"The submission of an appropriate [AOM] is considered an element of the

claim." Meehan v. Antonellis, 

226 N.J. 216

, 228 (2016). "To demonstrate the

threshold of merit, the [AOM] [s]tatute 'requires plaintiffs to provide an expert

opinion, given under oath, that a duty of care existed and that the defendant

breached that duty.'" 

Cowley, 242 N.J. at 16

(quoting Hubbard v. Reed, 

168 N.J. 387

, 394 (2001)). Failure to serve an appropriate AOM, like here, is

considered a failure to state a cause of action, N.J.S.A. 2A:53A-29, which

requires a dismissal of the complaint with prejudice. See 

Cowley, 242 N.J. at 16

.


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      The expert or affiant authoring the AOM must be "specialized in the same

specialty or subspecialty" as the defendant physician. 

Meehan, 226 N.J. at 233

;

see also Buck v. Henry, 

207 N.J. 377

, 389-90 (2011). When the defendant is

board certified in a

            specialty or subspecialty and the care and treatment
            provided by the physician involved that specialty or
            subspecialty, the expert or affiant must be a physician
            with credentials from a hospital to treat patients for the
            medical condition or perform the procedure that is the
            subject of the claim, or a physician who possesses board
            certification in the same specialty or subspecialty as the
            physician and has devoted a majority of his or her
            professional practice to that specialty or subspecialty
            through active clinical practice or the instruction of
            students or both.

            [

Meehan, 226 N.J. at 233

(citing N.J.S.A. 2A:53A-
            41(a)).]

The expert or affiant attests under oath that "there exists a reasonable probability

that the care, skill or knowledge exercised or exhibited in the treatment, practice

or work that is the subject of the complaint, fell outside acceptable professional

or occupational standards or treatment practices." N.J.S.A. 2A:53A-27.

      The common knowledge doctrine is an exception to the AOM

requirement. 

Cowley, 242 N.J. at 17

. It applies "where the carelessness of the

defendant is readily apparent to anyone of average intelligence."

Ibid. (quoting Rosenberg v.

Cahill, 

99 N.J. 318

, 325 (1985)).          The common knowledge

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exception allows the "jurors' common knowledge as lay persons [to be]

sufficient to enable them, using ordinary understanding and experience, to

determine a defendant's negligence without the benefit of the specialized

knowledge of experts."

Ibid. (quoting Hubbard, 168

N.J. at 394). Under the

common knowledge exception, a plaintiff is exempt from the AOM requirement

only "where it is apparent that 'the issue of negligence is not related to technical

matters peculiarly within the knowledge of [the licensed] practitioner[].'"

Ibid. (alterations in original)

(quoting Sanzari v. Rosenfeld, 

34 N.J. 128

, 142 (1961)).

      The exception allows jurors to "supply the applicable standard of care

. . . to obviate the necessity for expert testimony relative thereto."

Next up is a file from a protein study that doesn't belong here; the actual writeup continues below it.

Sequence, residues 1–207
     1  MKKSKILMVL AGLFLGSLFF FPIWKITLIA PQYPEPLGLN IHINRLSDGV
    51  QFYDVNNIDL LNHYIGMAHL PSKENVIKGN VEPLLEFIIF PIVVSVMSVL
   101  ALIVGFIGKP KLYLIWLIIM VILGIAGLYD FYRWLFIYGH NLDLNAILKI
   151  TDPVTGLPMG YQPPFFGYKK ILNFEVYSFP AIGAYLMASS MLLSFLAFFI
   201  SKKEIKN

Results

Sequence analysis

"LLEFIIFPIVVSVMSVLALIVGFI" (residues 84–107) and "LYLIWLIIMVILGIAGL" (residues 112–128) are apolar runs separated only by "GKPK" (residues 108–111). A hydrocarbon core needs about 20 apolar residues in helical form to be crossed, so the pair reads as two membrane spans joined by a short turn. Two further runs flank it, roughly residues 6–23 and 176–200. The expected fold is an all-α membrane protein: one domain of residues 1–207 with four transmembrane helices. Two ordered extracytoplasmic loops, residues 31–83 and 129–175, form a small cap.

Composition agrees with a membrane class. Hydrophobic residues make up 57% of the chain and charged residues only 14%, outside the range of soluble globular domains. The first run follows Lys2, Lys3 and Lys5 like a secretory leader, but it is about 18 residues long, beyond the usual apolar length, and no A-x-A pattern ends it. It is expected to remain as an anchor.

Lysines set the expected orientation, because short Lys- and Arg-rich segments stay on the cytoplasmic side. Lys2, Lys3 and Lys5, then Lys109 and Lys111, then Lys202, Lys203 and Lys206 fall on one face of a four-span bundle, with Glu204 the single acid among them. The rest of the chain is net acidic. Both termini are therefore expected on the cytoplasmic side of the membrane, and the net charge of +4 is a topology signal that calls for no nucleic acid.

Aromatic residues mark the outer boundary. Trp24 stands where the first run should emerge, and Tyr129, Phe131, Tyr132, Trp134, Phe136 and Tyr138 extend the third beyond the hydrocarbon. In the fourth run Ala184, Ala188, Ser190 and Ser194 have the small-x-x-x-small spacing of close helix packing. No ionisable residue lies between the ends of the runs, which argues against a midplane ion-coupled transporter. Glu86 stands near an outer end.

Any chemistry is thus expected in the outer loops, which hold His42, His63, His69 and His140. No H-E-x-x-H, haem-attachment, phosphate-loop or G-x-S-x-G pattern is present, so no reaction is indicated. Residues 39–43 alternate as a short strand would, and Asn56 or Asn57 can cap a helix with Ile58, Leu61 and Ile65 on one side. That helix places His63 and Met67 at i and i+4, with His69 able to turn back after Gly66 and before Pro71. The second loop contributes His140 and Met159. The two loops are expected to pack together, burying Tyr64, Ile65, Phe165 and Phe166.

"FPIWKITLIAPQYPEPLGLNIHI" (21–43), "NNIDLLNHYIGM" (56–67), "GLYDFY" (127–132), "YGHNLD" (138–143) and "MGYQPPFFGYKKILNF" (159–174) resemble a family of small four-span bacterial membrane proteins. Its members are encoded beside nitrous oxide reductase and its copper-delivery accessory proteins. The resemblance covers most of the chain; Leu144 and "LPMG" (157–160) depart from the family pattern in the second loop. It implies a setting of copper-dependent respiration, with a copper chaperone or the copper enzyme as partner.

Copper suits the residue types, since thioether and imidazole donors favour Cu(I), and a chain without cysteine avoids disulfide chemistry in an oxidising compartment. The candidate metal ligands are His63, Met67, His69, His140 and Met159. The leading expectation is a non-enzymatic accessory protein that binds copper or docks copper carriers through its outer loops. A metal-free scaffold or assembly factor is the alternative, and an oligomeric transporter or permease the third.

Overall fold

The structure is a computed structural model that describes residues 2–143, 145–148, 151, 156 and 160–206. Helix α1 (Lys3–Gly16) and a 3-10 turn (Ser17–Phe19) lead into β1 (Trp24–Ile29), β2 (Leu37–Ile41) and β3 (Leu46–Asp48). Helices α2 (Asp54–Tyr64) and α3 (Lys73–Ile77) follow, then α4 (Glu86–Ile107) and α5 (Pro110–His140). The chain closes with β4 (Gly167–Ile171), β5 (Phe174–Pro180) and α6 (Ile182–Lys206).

Id. at 19

(alteration in original) (quoting 

Sanzari, 34 N.J. at 141

). We must not allow "a

jury of laymen . . . to speculate as to whether the procedure followed by a

[defendant professional] conformed to the required professional standards."

Ibid. (second alteration in

original) (quoting Schueler v. Strelinger, 

43 N.J. 330

,

345 (1964)). "Rather, the common knowledge exception to the [AOM] [s]tatute

applies only to cases where expert testimony is not needed to establish the

applicable standard of care."

Ibid. We interpret this

exception narrowly "to avoid noncompliance with the

statute."

Id. at 18-19

(quoting 

Hubbard, 168 N.J. at 397

). The New Jersey


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Supreme Court has determined that "[t]he test of need of expert testimony is

whether the matter to be dealt with is so esoteric that jurors of common judgment

and experience cannot form a valid judgment as to whether the conduct of the

party was reasonable."

Id. at 19

(alteration in original) (quoting Butler v. Acme

Mkts., Inc., 

89 N.J. 270

, 283 (1982)).

      The Court did not apply the common knowledge exception in Cowley. In

that case, the plaintiff alleged that her night nurse did not reinsert a nasogastric

tube that she herself removed during the night, claiming the nurse was negligent

in caring for her.

Id. at 9-10.

  The Court stated the common knowledge

exception did not apply because "[t]o assess a deviation in the standard of care

in such a setting, one must know the procedures, protocols, and scope of duties

of the licensed professional nurse[] in such circumstances."

Id. at 20.

The Court

found the plaintiff must have an AOM to show the scope of the nurse's duties.

Id. at 21.

In contrast, the Hubbard Court applied the exception where a dentist

extracted the wrong 

tooth. 168 N.J. at 394-96

. Likewise, in Bender v. Walgreen

Eastern Co., 

399 N.J. Super. 584

, 591 (App. Div. 2008), this court applied the

exception to a pharmacist who filled a prescription with the wrong drug rather

than the one prescribed.




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      We conclude the common knowledge exception is inapplicable here. Like

in Cowley, an expert is necessary to determine "the procedures, protocols , and

scope of duties" of physicians like defendant who performed this surgery.

Cowley, 242 N.J. at 20

.       Jurors do not have the ordinary knowledge and

experience to identify what the medical standard of care requires in this

situation.   They do not know—without expert testimony—what a vascular

surgeon must say to inform a patient about associated risks before and after the

surgeon inserts a filter, such as the one inserted by defendant. Indeed, the record

is silent as to whether the signed informed consent was adequate, and if not,

what more would be required under the standard of care applicable to vascular

and general surgery. And without an expert, jurors would be unfamiliar with

the medical standards for post-operative communication about such things as a

medical device's risks, instructions (such as registration), or recalls.

      For the first time on appeal, plaintiff contends—in his preliminary

statement and conclusion—that he had a "gut feeling" that the judge had a

conflict of interest. Because this argument was not raised below, we choose not

to address it. Nieder v. Royal Indem. Ins. Co., 

62 N.J. 229

, 234 (1973). We

briefly point out, however, that a "gut feeling" cannot support a claim for bias—

there must be an objective reasonable belief that bias exists. DeNike v. Cupo,


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196 N.J. 502

, 517 (2008). Moreover, after reviewing the record, there is no

evidence that the judge acted partially towards defendant.

      Affirmed.